Following an almost explosive growth last year, 2015 is shaping up to be somewhat quieter for 3D printing as the field looks less likely to yield the same number of exciting product launches. Leaders are instead opting to explore a greater breadth of technological and practical applications – from new filaments, to printing in space – that will shift the technology more towards innovative solutions than huge product developments.
As MakerBot’s VP of Product, Anthony Moschella, told the Verge rather succinctly at CES – “This year, at least for MakerBot, we’re kind of turning a corner and really thinking more about solutions and applications — not the what but the why.”
INITION’s 3D Technology Consultant, Jay Short, says:
2014 was an interesting year for 3D printing. The public became more aware of the technology through continued focus in the consumer press and rarely would a day go by when some amazing use of 3D printing was not documented.
In 2015, the move towards making 3D printing an efficient production tool will continue as the big players in the industry – 3D Systems and Stratasys – realign themselves to meet the growing commercial appetite to integrate 3D printing into their business models beyond purely being a tool for prototyping. At the same time as more creative minds learn about the capabilities of the technology, we will see more exciting cultural projects that harness 3D printing as a means of artistic expression.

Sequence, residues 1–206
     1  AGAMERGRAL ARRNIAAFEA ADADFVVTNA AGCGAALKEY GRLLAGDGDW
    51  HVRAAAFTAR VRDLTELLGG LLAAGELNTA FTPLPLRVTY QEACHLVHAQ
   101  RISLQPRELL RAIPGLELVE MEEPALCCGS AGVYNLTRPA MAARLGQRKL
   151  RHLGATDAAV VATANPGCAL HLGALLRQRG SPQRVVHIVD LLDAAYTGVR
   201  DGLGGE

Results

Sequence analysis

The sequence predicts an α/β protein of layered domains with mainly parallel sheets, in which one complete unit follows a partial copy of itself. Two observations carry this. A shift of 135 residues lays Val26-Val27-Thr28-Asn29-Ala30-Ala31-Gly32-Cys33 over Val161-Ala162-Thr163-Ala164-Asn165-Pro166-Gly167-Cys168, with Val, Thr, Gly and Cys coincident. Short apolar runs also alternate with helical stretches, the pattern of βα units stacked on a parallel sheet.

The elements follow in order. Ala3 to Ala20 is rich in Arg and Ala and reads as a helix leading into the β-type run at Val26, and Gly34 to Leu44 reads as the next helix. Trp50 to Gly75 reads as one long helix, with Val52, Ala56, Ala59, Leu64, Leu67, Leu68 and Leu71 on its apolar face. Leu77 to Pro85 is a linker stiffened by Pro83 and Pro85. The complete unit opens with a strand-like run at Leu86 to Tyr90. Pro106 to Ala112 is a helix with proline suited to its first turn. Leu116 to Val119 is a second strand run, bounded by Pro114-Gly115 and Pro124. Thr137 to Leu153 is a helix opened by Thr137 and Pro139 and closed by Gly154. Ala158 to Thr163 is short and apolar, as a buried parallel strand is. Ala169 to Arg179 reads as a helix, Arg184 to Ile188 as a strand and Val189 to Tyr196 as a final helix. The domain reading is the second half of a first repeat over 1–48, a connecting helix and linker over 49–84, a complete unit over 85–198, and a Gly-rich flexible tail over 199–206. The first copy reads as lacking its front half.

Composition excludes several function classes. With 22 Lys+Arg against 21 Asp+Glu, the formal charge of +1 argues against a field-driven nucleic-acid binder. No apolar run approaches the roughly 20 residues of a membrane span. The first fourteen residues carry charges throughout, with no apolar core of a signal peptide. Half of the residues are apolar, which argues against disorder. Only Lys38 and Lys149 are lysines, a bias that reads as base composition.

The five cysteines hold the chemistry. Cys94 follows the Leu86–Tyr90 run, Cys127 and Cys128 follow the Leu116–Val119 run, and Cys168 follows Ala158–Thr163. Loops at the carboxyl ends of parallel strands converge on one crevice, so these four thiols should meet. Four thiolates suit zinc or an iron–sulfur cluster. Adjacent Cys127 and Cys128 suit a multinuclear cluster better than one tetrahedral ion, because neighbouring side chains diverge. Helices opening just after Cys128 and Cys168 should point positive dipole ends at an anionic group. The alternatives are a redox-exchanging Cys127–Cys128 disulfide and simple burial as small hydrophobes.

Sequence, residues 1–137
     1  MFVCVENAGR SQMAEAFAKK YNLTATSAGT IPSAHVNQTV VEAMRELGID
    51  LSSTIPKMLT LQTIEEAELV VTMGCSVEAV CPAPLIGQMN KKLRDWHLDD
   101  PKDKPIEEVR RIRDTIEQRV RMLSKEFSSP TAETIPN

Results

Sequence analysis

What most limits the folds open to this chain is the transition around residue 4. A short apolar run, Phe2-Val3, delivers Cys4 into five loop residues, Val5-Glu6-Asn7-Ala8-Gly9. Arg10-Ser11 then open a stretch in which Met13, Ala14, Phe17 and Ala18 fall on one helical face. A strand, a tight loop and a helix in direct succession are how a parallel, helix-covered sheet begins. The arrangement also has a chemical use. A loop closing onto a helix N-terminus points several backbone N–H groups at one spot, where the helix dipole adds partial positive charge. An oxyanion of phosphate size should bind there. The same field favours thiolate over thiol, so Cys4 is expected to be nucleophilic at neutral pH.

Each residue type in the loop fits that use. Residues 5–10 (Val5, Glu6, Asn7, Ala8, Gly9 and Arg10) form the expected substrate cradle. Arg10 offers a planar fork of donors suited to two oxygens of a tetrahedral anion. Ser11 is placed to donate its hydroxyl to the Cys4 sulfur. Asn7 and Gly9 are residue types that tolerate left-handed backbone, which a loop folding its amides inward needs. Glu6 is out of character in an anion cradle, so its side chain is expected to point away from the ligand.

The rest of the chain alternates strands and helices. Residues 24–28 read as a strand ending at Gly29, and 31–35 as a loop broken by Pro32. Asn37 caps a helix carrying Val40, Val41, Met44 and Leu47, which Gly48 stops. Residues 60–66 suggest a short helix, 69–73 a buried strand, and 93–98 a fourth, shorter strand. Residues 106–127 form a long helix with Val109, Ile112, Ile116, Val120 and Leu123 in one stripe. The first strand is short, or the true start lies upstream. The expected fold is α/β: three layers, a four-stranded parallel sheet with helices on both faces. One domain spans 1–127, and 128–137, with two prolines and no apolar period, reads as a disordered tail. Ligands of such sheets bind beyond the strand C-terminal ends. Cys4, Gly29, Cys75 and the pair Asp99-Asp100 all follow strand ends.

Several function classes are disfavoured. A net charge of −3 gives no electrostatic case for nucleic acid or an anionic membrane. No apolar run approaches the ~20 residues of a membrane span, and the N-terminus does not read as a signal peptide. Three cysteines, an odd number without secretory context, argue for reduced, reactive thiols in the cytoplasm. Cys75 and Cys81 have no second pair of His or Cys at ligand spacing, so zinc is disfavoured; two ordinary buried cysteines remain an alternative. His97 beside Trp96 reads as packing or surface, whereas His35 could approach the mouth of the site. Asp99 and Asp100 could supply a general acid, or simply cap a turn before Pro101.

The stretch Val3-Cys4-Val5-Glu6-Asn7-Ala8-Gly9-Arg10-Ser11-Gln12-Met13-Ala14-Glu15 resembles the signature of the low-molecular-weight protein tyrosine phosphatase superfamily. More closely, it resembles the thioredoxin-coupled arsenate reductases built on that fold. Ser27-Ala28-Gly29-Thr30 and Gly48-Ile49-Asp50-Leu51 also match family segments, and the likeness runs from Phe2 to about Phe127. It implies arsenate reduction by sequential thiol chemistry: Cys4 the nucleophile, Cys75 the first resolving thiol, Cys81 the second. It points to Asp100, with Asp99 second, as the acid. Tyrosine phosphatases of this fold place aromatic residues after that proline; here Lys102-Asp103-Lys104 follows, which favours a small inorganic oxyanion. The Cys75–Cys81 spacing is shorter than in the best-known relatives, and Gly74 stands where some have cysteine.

After an impressive debut at 2014’s CES, 4K TVs look set to continue their ascent to the top of the ‘most desired’ list (with predictions that 4K TV’s will likely be in ‘10 per cent of US households by the end of 2018’), though, alongside the advent of the consumer-popular curved TVs, what else is on the horizon for future displays?
INITION’s Allan Rankin, 3D Technology Consultant, says:
I think we’re going to see a growth in popularity of large-format 4K displays with touch functionality – like the MultiTaction iWall, or the 84” Planar Ultra-Res Series Display – both of which combine the hi-res clarity of the 4K with the practicality of the touch elements, making them the perfect product for data collaboration, client facing interactive content or retail POS.